# Odds ratio meta analysis with no control group

Is it possible to conduct a meta-analysis odds ratio with just an experimental group (no control)?

I am looking at several studies that have an experimental group, with a response rate equal to the number of individuals who responded to the treatment over the total number of individuals in the experimental group.

My understanding is that an odds ratio can not be calculated unless you have a 2x2 contingency table with an experimental group and a control group.

As clarified already by @mdewey, it is inappropriate to talk about odds ratios when you have only one group. In such instance, you can instead focus on proportions (the ratio of patients with events/all patients) or odds (the ratio of patients with events/patients without events). Another possibility is to focus on rates (the ratio of patients with events/all patients over a given period of time).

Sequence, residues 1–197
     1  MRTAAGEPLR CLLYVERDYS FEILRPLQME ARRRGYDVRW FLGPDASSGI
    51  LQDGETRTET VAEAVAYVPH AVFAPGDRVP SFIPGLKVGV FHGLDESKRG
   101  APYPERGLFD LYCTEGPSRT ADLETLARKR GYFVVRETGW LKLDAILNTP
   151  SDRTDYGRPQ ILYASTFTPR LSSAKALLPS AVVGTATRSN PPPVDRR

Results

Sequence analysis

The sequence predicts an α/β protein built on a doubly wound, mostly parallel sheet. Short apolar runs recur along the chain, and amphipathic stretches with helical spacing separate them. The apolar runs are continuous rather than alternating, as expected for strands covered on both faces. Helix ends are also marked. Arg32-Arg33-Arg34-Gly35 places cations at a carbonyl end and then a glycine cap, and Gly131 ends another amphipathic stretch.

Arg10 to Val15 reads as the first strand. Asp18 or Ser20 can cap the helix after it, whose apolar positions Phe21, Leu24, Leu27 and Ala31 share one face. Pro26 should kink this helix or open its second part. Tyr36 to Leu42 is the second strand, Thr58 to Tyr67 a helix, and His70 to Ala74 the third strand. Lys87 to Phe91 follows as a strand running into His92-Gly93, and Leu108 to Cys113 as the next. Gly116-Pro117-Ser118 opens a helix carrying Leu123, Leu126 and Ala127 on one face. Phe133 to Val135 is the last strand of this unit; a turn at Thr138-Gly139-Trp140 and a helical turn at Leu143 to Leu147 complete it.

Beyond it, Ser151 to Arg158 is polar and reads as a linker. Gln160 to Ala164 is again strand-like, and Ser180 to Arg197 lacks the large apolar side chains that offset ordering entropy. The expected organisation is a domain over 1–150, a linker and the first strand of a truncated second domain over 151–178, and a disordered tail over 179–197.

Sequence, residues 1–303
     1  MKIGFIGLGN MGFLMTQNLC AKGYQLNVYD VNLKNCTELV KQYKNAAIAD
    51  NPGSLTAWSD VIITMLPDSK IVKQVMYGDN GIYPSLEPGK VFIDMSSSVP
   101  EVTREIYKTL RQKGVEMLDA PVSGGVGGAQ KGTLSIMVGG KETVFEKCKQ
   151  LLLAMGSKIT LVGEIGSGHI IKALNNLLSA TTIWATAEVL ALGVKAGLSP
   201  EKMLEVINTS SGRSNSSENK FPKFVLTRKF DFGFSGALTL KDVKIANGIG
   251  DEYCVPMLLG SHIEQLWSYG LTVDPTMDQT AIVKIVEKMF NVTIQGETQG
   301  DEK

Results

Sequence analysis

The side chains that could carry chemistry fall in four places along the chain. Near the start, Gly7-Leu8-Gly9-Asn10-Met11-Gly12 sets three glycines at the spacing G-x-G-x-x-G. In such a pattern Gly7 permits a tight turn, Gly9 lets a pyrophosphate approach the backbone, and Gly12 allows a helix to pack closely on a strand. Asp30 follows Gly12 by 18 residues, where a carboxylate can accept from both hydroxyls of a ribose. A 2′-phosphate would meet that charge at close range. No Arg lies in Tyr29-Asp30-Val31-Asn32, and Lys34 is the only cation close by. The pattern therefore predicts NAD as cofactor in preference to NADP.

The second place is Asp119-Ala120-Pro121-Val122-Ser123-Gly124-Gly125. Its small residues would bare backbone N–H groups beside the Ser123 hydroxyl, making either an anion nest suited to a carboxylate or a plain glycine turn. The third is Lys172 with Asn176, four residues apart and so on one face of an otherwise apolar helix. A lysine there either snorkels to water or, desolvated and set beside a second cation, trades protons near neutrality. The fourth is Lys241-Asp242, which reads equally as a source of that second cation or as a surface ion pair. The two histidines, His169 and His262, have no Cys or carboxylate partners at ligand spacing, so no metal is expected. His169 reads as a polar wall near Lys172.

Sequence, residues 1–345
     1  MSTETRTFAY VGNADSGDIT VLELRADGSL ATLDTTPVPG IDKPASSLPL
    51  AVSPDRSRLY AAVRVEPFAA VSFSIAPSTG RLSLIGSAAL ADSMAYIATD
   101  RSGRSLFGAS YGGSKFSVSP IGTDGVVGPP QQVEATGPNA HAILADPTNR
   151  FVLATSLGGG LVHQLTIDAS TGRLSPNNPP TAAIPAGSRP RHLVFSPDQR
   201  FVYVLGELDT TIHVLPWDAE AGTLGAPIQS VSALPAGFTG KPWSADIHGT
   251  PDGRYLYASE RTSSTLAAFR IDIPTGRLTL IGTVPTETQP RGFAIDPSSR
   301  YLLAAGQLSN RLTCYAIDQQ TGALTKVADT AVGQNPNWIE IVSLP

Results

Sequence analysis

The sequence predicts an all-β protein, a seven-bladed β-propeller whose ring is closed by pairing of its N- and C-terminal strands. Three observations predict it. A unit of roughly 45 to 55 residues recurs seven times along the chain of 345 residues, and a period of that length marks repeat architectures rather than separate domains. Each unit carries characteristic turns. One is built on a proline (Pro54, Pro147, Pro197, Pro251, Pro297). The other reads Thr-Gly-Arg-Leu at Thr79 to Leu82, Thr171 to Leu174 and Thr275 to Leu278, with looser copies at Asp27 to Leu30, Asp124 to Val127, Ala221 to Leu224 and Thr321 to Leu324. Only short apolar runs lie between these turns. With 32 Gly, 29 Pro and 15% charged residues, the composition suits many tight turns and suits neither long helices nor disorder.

As reported elsewhere, you can compute the standard error of the proportion as square root of the product of P * (1 - P) / N, where P is the ratio of patients with events/all patients, and N is the sample size (ie all patients). I am not aware of any formula to compute the standard error of an odds, but it is reasonable you could find one.

Once you have for each study the point estimate and the standard error, it is easy to combine them with a statistical package (eg metan in Stata, meta or metafor in R). Note indeed that the R meta package offers the metaprop command which will directly suit you, as clarified by this illustrative code:

library(meta)
studyid <- c(1:10)
events <- sample(5:20, 10, replace = T) # randomly generated event counts
patients <- sample (50:200, 10, replace = T) # randomly generated sample sizes
mydata <- data.frame(cbind(studyid, events, patients))
mydata
metaprop1 <- metaprop(mydata$events, mydata$patients)
metaprop1
# various graphs
forest(metaprop1)
baujat(metaprop1)
funnel(metaprop1)
trimfill1 <- trimfill(metaprop1)
summary(trimfill1)
funnel(trimfill1)

• When working with odds, one would do the meta-analysis with log(odds), whose standard error can be computed (i.e., estimated) with $\frac{1}{n p(1-p)}$. Apr 10, 2016 at 13:04

As you say there is no odds ratio here to analyse but you can ,eta-analyse the proportions using either the raw proportions or some transormation of them like log, logit, arc sine, ... Most software like metafor, or meta in R or metabin in Stata will do this for you.